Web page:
My friend Dr. Justin Tse (PhD in geography of religion) and his group of friends have been discussing the topic of public versus private sphere for a while. I think my posts on Tiananmen Square and the pro-family rally have generated enough discussions for me to blog a bit on this issue of geographical spheres. The real issue is geography, not public theology. When I read some of the postings by people who advocate public theology (of a certain kind), they tend to be obsessed with EVERYTHING being public. That’s a simplistic view of geography. Remember, “public,” is a geographical term.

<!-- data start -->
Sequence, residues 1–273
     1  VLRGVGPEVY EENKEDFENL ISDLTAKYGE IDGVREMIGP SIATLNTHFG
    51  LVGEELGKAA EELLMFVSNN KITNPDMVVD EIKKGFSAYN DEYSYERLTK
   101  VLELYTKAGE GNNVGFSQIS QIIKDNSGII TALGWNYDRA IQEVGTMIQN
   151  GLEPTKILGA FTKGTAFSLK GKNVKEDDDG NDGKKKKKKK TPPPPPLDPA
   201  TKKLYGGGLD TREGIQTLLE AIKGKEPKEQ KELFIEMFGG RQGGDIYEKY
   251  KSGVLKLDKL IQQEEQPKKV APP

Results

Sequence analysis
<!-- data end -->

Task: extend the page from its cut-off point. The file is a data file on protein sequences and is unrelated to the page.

The first lesson we should learn is that our public witness as Christians is about impact. No matter what you intend by your public posture, the impact is the best measurement of effectiveness. This goes for both the left and the right. Most people think that I’m criticizing the right; I’m not. I’m criticizing the naive view of how the public works. The naive view is this, “As long as the intent is good, the impact will also be good.” Utter rubbish! If the impact of the public witness is that people see the gay issue or social work more than they see the message and person of Jesus, then, dare I say, it is already a lost cause? The only way to judge impact is to look to public reaction. The effectiveness of Christian public witness, or as Jesus called it, a city on a hill, is judged by the court of public opinion. When people don’t begin talking about Jesus when we talk about our faith, we’ve lost completely. Whatever our intended message is, the impacted recipients have not received it. If you think that it’s a matter of lousy communication, think again; it’s lousy geography.